This brief focuses on lessons from the extractive resource sectors (oil, gas and mining) for REDD+ benefit-sharing. Specifically, it examines the different ways that revenues accruing to the government are distributed to subnational levels and the outcomes of different arrangements for doing so. These lessons are particularly relevant for scenarios where REDD+ revenues might reach significant volumes. Two main sorts of revenue would need to be distributed in the case of REDD+: i) payments to central or sub-national governments from international sources for emissions reduced and ii) taxes and fees collected by central government from REDD+ activities (Irawan et al. 2014). In both cases, decisions are needed on how to redistribute revenue between central and sub-national levels. A key concern in decisions over public revenues is allocation across jurisdictions.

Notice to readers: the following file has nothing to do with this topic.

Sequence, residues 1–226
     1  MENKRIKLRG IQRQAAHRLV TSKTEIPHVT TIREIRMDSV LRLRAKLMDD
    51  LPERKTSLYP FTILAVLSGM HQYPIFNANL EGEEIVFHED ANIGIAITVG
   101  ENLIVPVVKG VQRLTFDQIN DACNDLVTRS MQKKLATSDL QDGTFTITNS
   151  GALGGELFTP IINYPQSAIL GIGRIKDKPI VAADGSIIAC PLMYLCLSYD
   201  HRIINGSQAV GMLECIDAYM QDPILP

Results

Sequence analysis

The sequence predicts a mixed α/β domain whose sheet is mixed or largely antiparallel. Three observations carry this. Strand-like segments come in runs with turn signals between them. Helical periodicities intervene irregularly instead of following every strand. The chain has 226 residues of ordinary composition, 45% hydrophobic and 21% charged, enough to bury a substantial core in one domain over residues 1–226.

In this paper, we look at the rationales behind the way revenues from the sector are shared both with sub-national governments and across extractive and non-extractive localities. This experience is relevant for key questions facing REDD+ such as how to link benefit to performance at the sub-national levels, how to compensate costs, how to distribute benefits across a nation and how to enhance development outcomes. In so doing, we address key concerns in the debate about REDD+ benefit-sharing. These include how REDD+ might act as an incentive for reducing deforestation and degradation, and how it might also be integrated into development planning to help achieve wider outcomes.